Sapporo: The 2023 Snow Festival

So here we are at the end of February. I wish I had done this in a more timely manner, but I just couldn’t get my act together to actually sit down and write a proper write up of this event.

I’m going to try, though, for the sake of continuity with this blog.

After three years, the Sapporo Snow Festival kicked off on a Saturday, on February 24, 2023. This year, instead of the customary two weeks, the event was shortened to a week. I think this is the compromise the planners envisioned when they were trying to get the event going while still trying to keep the cases of Corona infections down. I think it was a decent way to accommodate everyone. The crowds came and I’m glad that tourism opened up enough to allow international and domestic visitors.

The festival is run in conjunction with other events happening at the Susukino site, but I’m only focusing on the one held downtown in the Odori area. This year, the Tsudome events were canceled.

As usual, the main features were the giant structures that took up most of the blocks of Odori Park. By tradition, the Japanese Self Defense Force built one of them. This year, the military recreated Britain’s Embley House, which was the home of the Nightingale Family, most notably, Florence. It’s fitting because the whole theme was to remember health care workers all over the world.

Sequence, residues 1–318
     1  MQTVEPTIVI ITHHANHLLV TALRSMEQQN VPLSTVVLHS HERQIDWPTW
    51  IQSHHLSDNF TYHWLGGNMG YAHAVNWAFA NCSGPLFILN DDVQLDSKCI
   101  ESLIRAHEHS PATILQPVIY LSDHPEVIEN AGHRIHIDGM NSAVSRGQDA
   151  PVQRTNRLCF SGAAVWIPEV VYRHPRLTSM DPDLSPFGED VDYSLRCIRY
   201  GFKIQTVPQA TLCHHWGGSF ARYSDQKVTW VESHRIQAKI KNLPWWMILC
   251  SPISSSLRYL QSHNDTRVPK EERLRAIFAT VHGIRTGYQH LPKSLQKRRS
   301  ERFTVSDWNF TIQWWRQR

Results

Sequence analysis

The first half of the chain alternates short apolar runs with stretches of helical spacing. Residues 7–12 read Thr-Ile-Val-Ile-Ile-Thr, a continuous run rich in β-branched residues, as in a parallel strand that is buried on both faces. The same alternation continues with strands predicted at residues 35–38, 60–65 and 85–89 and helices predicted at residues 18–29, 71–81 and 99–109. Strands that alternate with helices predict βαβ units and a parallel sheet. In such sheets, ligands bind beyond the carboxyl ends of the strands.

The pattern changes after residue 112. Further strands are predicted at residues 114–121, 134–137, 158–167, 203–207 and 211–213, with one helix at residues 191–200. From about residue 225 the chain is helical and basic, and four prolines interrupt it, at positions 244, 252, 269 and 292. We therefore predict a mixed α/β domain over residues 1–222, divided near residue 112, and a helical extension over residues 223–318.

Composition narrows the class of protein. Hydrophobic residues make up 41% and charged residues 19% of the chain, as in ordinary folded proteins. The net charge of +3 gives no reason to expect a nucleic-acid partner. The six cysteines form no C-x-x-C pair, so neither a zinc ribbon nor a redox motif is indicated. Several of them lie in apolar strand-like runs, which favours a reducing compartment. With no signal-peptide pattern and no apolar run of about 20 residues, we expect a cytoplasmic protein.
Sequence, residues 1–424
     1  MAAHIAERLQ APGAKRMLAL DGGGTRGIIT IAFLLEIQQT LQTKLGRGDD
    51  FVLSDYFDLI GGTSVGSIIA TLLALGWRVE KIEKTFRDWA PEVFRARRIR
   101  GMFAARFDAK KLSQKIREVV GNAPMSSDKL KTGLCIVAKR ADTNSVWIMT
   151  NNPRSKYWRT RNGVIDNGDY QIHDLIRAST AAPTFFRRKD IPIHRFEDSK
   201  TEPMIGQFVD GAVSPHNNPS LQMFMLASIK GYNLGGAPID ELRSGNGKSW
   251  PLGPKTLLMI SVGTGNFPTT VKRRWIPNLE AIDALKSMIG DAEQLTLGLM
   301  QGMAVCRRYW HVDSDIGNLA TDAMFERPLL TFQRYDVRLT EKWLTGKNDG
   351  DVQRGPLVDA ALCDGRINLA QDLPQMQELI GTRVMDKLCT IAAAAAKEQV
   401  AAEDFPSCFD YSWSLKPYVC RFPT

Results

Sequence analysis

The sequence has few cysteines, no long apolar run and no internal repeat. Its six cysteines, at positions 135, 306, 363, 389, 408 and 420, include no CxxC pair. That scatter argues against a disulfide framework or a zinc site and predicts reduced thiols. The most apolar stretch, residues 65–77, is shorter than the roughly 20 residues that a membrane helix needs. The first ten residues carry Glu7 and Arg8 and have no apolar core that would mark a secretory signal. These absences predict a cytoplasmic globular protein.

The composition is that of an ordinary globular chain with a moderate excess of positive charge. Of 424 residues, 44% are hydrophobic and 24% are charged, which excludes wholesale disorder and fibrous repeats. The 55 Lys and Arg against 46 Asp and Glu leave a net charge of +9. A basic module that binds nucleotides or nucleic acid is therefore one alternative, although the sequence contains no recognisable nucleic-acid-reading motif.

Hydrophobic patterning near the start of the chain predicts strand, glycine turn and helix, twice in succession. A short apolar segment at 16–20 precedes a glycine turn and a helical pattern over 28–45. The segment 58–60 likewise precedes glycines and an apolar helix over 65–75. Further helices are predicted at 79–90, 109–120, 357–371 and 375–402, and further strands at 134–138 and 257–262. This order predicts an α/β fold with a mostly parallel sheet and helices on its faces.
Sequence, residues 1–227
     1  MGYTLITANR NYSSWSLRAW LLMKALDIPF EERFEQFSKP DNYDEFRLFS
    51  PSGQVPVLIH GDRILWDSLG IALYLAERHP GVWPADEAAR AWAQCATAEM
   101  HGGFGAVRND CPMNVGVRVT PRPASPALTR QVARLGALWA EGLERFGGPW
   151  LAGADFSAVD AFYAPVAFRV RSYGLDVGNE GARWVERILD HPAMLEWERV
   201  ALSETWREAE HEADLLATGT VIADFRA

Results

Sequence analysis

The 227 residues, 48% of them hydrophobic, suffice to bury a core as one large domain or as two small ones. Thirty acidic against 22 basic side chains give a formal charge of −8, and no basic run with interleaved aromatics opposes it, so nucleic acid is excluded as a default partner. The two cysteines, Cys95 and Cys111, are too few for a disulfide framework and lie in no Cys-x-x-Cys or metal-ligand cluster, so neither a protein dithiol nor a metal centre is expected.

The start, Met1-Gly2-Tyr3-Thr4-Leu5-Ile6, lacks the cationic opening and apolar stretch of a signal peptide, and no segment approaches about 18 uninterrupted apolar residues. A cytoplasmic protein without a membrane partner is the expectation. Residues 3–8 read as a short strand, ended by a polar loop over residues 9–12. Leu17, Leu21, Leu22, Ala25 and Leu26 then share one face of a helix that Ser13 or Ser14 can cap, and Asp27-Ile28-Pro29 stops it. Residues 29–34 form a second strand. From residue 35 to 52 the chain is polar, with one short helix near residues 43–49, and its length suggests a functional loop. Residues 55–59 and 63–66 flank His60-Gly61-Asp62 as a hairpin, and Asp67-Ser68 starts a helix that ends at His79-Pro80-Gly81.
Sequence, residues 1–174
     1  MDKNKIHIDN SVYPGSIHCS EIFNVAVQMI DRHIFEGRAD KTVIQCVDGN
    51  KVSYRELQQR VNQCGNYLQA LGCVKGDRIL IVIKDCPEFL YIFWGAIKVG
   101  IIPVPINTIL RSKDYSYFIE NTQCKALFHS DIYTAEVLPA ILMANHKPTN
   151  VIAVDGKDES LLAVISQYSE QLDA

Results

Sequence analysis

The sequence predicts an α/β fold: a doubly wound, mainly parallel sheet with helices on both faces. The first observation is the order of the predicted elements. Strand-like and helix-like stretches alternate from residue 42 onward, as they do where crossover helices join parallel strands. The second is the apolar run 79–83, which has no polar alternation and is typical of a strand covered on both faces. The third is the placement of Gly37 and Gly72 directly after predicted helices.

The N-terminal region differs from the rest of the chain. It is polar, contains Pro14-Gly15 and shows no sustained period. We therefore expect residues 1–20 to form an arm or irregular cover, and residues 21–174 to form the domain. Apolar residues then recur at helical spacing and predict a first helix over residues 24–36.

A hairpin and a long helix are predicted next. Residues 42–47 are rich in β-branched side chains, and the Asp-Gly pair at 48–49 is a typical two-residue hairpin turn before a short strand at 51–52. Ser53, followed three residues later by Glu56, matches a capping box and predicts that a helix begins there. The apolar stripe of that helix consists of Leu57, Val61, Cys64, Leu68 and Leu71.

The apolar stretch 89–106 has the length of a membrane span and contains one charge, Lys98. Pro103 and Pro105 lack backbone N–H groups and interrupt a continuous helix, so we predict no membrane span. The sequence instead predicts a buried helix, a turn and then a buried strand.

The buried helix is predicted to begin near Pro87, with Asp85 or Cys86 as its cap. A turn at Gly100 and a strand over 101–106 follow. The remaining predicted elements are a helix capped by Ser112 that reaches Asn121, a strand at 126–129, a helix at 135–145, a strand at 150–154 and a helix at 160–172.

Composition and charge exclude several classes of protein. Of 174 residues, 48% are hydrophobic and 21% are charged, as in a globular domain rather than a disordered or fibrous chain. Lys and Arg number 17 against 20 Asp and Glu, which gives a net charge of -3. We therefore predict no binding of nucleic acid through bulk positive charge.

The second featured giant structure was Hoheikan is something very much related to Hokkaido. This sculpture was also built by the Self-Defense forces but in conjunction with Hokkaido TV. Hoheikan is a popular tourist spot in Nakajima Park and functions mostly as a wedding venue and a citizen center. It’s worth a visit if you’re interested in Japanese buildings that utilize Western architectural styles. Check out their website here.

The last major one is was done by the Sapporo Snow Sculpture Committee with guidance from experts of the Hokkaido University Museum.

The other large structures seemed to be promotional, one higlighting the horse-racing scene in Hokkaido:

And the other one was from a very popular anime: My Hero Academia featuring the main protagonist and antagonist, Deku and Shigaraki.

Anime seemed to be very popular among the smaller sculptures. These were made by volunteer groups and they were dotted throughout the area in front of the Clock Tower.

And yes, a couple of the giant structures had projection mapping at night, but most of the sculptures were lit up in the evening.

So there you have it, a quiet celebration of winter in Sapporo.

I promise to do better with next year’s event.

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